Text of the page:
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“Do you want a hamburger or pasta for dinner?”
- To my toddlers, 5/6/14
Parenting is a delicate art of subtle, positive perturbation.
Many times, it’s what you don’t say that matters. And much like investment and macro narratives, it’s very much about the #Frame-up.
For the non-parents, the key to coaxing positive behaviors often lies in framing up the optionality. As it relates to the quote above, note that I didn’t say, “do you want dinner?” or “are you hungry?”.
The simple goal of exhausting, thrice daily adventures in toddler nutrition is usually to just get them to eat…something.
By offering two options in the manner above you maintain the illusion of choice but, in reality, it’s the same choice. To a fledgling mind, if not eating is not presented as a choice, it doesn’t exist as an option.
That little psycho-persuasive device isn’t full-proof, but it should be a staple in any multi-factor, volatility sensitive parenting model.
Back to the Global Macro Grind…
If there’s a quasi-relevant take-away from that intro perhaps it’s that the act of getting older doesn’t immunize one from the trappings of effective framing. Indeed, lawyering and political strategy are critically dependent on that reality.
Q: Would you rather invest in stocks or housing here?
If you answered #Neither to that ‘framed-up’ question, you get it.
Let’s stick with housing and extend this Socratic dialogue we’ve got going….
Q: The Case-Shiller HPI data came out last week, the Corelogic HPI data came out yesterday, and the NAHB HMI data comes out on the 15th. What period do those respective data releases cover?
A: NAHB data = May, Corelogic = April, Case-Shiller = February
Q: Which one should you care about?
Everyone cares about Case-Shiller right? After all, Professor Shiller is a Nobel prize winner, the media makes a big deal about the indicator every month and analysts and pundits use it as the primary gauge of the state of housing.
In fact, the Case-Shiller HPI is one of the most lagging housing indicators there is. The Index measures the change in market value of residential real estate across 20 defined MSA’s and is calculated as a three month moving average.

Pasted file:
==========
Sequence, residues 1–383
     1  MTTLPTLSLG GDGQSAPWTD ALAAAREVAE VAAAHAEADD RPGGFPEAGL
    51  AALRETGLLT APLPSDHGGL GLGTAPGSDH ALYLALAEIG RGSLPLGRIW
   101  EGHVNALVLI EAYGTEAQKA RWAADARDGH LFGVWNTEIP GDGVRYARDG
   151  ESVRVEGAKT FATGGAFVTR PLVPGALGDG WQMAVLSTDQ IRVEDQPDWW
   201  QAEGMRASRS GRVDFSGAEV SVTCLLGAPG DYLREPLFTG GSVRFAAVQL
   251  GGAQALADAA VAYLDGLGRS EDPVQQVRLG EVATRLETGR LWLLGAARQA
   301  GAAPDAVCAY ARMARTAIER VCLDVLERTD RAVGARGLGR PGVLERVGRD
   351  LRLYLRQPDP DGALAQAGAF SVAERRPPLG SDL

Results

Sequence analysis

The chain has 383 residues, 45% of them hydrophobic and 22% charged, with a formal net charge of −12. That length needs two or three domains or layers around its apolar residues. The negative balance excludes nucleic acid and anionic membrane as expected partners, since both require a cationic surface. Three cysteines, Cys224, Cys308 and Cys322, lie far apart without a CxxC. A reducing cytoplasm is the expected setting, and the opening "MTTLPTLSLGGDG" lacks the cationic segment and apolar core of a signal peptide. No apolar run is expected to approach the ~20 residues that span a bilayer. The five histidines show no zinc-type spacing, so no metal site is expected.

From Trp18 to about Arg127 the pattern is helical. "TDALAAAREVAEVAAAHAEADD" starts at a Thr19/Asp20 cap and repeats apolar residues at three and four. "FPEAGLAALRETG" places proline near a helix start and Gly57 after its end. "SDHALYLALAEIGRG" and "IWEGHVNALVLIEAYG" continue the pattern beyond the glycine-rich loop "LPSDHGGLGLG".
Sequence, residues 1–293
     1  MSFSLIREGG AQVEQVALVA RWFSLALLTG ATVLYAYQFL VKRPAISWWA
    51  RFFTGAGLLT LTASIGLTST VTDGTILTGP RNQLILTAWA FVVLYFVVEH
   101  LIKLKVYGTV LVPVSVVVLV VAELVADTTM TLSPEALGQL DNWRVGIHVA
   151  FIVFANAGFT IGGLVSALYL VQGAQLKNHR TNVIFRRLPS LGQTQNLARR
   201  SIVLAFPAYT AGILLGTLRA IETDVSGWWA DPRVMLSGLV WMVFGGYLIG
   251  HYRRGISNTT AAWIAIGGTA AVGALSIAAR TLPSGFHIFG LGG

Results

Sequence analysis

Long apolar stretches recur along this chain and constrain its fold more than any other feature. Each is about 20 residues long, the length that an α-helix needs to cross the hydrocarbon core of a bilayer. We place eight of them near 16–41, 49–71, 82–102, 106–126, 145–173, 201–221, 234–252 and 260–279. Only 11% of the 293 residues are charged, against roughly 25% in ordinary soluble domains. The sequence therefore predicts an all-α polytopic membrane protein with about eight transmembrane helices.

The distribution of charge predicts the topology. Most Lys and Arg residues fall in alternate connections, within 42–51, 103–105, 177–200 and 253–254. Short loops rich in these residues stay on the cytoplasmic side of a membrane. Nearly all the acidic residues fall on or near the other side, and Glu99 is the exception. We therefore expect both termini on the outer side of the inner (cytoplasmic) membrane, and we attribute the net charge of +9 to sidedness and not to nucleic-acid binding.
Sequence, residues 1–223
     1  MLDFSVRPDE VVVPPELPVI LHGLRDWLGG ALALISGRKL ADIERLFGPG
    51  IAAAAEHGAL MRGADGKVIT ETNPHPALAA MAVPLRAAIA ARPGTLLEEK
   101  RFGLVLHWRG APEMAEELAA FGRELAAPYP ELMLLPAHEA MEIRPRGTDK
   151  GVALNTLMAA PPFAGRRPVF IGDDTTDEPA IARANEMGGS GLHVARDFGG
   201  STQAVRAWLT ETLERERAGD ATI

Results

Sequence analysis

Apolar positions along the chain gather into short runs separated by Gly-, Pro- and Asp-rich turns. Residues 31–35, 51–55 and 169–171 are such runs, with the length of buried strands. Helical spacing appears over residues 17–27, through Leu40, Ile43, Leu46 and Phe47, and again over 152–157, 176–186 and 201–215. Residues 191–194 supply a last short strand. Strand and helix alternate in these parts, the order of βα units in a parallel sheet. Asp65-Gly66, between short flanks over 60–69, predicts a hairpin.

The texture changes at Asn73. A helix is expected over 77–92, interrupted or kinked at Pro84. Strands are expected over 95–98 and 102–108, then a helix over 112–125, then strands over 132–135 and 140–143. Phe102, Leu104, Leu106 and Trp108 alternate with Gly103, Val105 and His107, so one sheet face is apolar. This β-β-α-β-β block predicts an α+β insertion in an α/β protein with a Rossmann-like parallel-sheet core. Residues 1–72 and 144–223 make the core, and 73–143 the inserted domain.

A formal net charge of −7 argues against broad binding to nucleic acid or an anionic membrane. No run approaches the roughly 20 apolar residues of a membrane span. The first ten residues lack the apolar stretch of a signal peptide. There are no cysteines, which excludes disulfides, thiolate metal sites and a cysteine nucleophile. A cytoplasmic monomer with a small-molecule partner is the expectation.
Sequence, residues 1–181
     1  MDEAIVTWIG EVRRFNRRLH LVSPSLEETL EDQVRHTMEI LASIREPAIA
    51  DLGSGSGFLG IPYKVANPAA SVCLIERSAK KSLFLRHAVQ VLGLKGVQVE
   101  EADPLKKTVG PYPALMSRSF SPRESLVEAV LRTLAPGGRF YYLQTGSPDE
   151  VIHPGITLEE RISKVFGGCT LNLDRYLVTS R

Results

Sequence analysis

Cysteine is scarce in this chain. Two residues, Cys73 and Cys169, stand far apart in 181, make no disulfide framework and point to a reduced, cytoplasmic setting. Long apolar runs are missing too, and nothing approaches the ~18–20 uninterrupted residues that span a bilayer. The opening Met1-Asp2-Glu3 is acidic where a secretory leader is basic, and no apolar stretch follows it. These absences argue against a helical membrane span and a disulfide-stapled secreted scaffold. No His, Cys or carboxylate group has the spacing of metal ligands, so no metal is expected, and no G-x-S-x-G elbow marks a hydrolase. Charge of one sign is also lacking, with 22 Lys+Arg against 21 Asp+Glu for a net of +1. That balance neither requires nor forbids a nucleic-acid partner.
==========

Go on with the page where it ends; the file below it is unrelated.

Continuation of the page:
So, last week’s release represented average home price gains over the Dec/Jan/Feb period. In other words, while we are getting the (real-time) Corelogic Home price data for April, Case-Shiller enlightened us as to housing’s temperature back in January.
The simple reality is that unless it’s central to your core coverage or positioning, and even if it is, keeping tabs on the breadth of housing metrics (we have 22 in our core model), the prevailing trends, and notable shifts on a monthly basis can be time intensive and onerous.
We think we’ve solved for that onerosity with the forthcoming launch of comprehensive, but hyper-consumable, housing coverage led by Josh Steiner, our head of financials research, and myself. More on that to come.
If you’ve followed us with any consistency you’re aware that after getting explicitly bullish on housing for the better part of a year beginning in 4Q12, we turned increasingly bearish at the start of this year and elevated #HousingSlowdown to a top macro theme for 2Q14.
Indeed, the reported housing data since our themes call has reflected continued deterioration and the demand data released over the last few days has offered further positive confirmation to our expectation for an intermediate term slowdown.
Corelogic HPI: Corelogic home price data released yesterday showed home prices decelerating -70bps in March to +11.1% YoY. More notably, the preliminary April estimate reflects another, significant sequential deceleration of -190 bps to +9.2%. If the preliminary estimate holds it will be the slowest rate of growth since December of 2012 and the largest sequential deceleration in growth since January 2007.
Mortgage Purchase Applications: After last week’s decline of -5.9%, this morning’s data showed the composite MBA Mortgage Application Index bouncing +5.3% WoW. The Refinance Index made another new low in YoY growth, declining -1.4% sequentially to -75.2% YoY! The Purchase Applications Index was up +8.9% WoW, but note that the bounced came off its worst growth number of the year last week and purchase demand remains down -16% YoY.